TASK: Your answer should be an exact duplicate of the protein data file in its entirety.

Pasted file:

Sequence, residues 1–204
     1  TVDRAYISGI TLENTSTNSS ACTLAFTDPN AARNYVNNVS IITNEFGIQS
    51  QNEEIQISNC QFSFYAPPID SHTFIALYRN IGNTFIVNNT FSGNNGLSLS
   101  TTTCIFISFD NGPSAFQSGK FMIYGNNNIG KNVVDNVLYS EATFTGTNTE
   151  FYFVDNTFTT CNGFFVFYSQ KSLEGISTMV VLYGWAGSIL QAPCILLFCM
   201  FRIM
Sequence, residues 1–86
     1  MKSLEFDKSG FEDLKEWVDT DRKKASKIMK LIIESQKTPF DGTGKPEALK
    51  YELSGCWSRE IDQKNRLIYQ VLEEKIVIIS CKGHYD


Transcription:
Sequence, residues 1–204
     1  TVDRAYISGI TLENTSTNSS ACTLAFTDPN AARNYVNNVS IITNEFGIQS
    51  QNEEIQISNC QFSFYAPPID SHTFIALYRN IGNTFIVNNT FSGNNGLSLS
   101  TTTCIFISFD NGPSAFQSGK FMIYGNNNIG KNVVDNVLYS EATFTGTNTE
   151  FYFVDNTFTT CNGFFVFYSQ KSLEGISTMV VLYGWAGSIL QAPCILLFCM
   201  FRIM
Sequence, residues 1–86
     1  MKSLEFDKSG FEDLKEWVDT DRKKASKIMK LIIESQKTPF DGTGKPEALK
    51  YELSGCWSRE IDQKNRLIYQ VLEEKIVIIS CKGHYD